However, as much as I liked the OKCupid test, their service is pretty much useless to me.  After the test I took some time to scope out my possible matches and, well, there wasn’t anyone I’d go out with.  Hundreds and hundreds of nos.  This doesn’t mean that OKCupid isn’t a great service for other people.  It’s all about the prospect pool.  And for me, their prospect pool sucks.  Maybe if I lived somewhere else or was younger?  I don’t know.  Maybe guys in NYC have a bias against a completely free service?  I’m not here to analyze why things are the way they are.  Just report.


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8 to “3 Days in Hell (More Adventures in Online Dating)”


  1. TranqJones says:

    I read this post and the first thing that came to mind was… what has happened to ‘confidence’ in life?

    I too have done dating sites, especially when I lived in NYC. As I look back on my experiences, especially with this post to put them in better context, I almost start to feel like I was duped into some sort of induced mechanical repetition… where dating is distilled down to a form–almost like a credit card application–and it’s followed by the ‘Okay, send me my card now mentality.’ It starts to feel impersonal. It’s an easy and effortless way to meet people but… What dating sites have unwittingly done in an effort to make dating easier, is remove the confidence required to approach people (in real life) in a way that requires bringing a little ‘truthful soul’ to the party.

    What would be really helpful is a site that gives people the ‘confidence’ to approach people out in the world, in a genuine way, and in a way that let’s someone know… ‘you caught my eye and I’m interested.’ The last few people I’ve met and dated happened because I either approached someone socially, or someone approached me. The result in both cases was overwhelmingly positive because the interest was immediate and measurable in a genuine way. There was no internet to hide behind, no miscommunication, no rosy filters. In a situation where you walk up to someone and say hey–you’ve gotta be you. No way around it. And it really is (in my opinion) the best way to make meaningful connections.

    The point? Confidence is sexy and attractive. It’s more powerful than a random questionnaire or a profile. Armed with confidence, you can approach anyone in life. They might be disinterested and say thanks but no thanks, but I’ll bet they respect you regardless. (As long as you don’t feed someone a phony line or a load of crap.) And when you do approach someone who is both flattered and available–and you exude your personality and vice versa–and the attraction is clearly mutual… you’ll have something real. That, after all, is what those who are single look for…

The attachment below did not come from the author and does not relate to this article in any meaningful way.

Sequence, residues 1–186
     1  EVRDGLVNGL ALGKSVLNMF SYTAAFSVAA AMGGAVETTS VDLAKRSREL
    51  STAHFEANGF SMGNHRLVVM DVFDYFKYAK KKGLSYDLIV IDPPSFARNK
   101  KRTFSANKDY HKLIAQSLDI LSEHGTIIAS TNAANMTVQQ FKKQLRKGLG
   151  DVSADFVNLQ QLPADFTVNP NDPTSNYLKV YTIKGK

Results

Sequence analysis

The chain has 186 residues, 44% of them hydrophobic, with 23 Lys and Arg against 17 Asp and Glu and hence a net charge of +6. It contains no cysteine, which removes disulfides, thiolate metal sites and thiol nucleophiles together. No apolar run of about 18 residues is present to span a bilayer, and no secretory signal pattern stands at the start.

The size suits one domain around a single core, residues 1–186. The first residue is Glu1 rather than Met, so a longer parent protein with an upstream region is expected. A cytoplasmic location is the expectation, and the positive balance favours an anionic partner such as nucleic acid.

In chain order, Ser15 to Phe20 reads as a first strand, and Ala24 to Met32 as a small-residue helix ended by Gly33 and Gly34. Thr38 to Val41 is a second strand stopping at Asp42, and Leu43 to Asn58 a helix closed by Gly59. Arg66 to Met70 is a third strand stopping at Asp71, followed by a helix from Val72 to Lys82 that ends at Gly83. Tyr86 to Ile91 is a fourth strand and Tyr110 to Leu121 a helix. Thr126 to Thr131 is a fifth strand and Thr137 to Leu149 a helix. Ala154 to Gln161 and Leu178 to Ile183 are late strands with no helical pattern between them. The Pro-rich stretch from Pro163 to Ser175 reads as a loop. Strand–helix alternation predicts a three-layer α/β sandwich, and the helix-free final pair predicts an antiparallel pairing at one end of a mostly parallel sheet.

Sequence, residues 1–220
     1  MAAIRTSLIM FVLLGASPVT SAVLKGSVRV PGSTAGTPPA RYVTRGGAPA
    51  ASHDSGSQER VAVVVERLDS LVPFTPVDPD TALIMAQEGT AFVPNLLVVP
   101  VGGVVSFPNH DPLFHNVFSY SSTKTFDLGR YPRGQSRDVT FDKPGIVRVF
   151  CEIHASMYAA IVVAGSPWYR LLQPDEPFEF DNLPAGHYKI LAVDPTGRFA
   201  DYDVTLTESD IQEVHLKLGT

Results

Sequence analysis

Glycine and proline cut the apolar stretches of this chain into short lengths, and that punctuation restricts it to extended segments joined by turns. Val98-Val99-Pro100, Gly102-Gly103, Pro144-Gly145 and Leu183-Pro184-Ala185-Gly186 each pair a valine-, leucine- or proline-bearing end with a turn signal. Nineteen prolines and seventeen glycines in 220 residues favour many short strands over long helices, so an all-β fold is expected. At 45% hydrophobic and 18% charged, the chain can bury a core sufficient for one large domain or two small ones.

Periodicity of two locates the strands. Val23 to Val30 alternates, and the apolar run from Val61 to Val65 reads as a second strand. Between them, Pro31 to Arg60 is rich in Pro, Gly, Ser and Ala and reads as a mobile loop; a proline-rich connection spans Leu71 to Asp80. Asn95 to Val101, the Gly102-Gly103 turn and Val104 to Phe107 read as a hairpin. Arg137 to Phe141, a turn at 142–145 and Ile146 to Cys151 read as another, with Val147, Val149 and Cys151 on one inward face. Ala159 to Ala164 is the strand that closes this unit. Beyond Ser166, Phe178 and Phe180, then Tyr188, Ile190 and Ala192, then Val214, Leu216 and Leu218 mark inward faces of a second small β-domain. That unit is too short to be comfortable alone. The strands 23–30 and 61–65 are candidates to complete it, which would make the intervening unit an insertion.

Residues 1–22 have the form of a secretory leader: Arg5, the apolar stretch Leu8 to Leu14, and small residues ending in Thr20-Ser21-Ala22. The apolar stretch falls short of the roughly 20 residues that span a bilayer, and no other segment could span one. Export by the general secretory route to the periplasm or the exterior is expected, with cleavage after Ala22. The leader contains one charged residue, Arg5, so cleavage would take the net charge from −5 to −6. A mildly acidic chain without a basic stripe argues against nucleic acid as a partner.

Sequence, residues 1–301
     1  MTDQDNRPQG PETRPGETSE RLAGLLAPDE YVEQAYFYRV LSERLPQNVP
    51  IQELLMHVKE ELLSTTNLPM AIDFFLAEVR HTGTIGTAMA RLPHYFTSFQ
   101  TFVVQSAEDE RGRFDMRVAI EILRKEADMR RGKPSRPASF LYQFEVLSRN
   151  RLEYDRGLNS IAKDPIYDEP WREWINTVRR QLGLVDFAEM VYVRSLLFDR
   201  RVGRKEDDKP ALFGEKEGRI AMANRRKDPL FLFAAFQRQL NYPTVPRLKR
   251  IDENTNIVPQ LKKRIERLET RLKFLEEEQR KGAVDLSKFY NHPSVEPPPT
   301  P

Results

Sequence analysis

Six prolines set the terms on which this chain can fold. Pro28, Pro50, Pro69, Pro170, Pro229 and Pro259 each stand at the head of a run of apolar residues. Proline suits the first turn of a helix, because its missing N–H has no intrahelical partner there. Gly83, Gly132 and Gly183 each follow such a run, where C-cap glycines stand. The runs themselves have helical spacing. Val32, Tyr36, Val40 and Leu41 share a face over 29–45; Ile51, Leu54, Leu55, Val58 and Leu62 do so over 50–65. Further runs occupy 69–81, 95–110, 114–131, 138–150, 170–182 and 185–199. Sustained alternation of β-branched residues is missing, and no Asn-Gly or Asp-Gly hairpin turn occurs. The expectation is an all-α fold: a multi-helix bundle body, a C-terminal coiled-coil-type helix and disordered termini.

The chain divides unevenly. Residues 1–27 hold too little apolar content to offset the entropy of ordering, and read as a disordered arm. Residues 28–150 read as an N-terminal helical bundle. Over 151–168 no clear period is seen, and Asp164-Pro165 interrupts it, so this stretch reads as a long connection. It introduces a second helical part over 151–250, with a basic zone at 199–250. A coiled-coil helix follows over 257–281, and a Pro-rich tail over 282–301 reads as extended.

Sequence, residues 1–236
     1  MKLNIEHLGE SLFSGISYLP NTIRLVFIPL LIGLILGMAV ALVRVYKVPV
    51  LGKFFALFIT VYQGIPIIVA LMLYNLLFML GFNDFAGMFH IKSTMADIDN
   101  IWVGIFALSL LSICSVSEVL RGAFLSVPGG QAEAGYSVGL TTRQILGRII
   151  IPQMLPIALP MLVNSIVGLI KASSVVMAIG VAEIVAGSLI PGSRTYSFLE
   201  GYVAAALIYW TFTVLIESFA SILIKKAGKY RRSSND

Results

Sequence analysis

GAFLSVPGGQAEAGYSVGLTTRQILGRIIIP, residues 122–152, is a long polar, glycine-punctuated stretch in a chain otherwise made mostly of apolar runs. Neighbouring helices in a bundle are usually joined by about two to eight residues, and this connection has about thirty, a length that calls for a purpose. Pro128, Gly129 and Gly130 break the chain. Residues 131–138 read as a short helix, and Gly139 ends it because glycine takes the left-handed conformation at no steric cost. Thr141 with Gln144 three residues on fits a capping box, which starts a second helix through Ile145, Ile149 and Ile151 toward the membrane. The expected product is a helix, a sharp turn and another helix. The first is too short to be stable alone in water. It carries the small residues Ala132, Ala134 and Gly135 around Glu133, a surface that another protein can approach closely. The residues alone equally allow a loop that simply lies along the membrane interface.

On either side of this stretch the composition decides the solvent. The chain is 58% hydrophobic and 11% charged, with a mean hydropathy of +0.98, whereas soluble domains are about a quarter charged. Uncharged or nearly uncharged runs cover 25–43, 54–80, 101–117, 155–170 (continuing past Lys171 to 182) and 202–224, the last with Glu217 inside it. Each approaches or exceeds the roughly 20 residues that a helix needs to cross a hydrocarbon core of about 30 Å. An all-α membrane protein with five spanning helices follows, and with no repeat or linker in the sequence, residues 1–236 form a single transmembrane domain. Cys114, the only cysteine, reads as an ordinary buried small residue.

2. InsidetheWoman says:

    I set up a profile at plentyoffish about 2 weeks ago. It’s been interesting so far and better than some sites you have to pay for. I live in Texas, so the dating pool of geographically desireable men is pretty big. Chemistry.com was a big waste fo time for me as well. I refust to try eHarmony. Great to know about okcupid – I’ll have to check that out. I agree sex is super important in a relationship. I have just found that sites which ask about sex (onlinebootycall) are usuually just that – all about sex. Don’t get me wrong, I’ve had great luck with onlinebootycall and it’s fun, but looking for something a bit more tangible these days. Good Luck All!

  3. derek7272 says:

    I feel like you can spend too much time on these online dating sites. I have met some great girls online, including one I had a nine-month relationship with, so I do think it is worthwhile to try. But there really isn’t that many people on each of them I think. Like if you do searches you’ll probably find the same people over and over again — there’s a reason for that. I think there’s only maybe 50-100 active female daters nearby in my demographic, and I can’t imagine there’s that many more guys. Spending hours and hours on these sites is just crazy and probably v. frustrating. I mean it _is_ possible to still meet people in real life…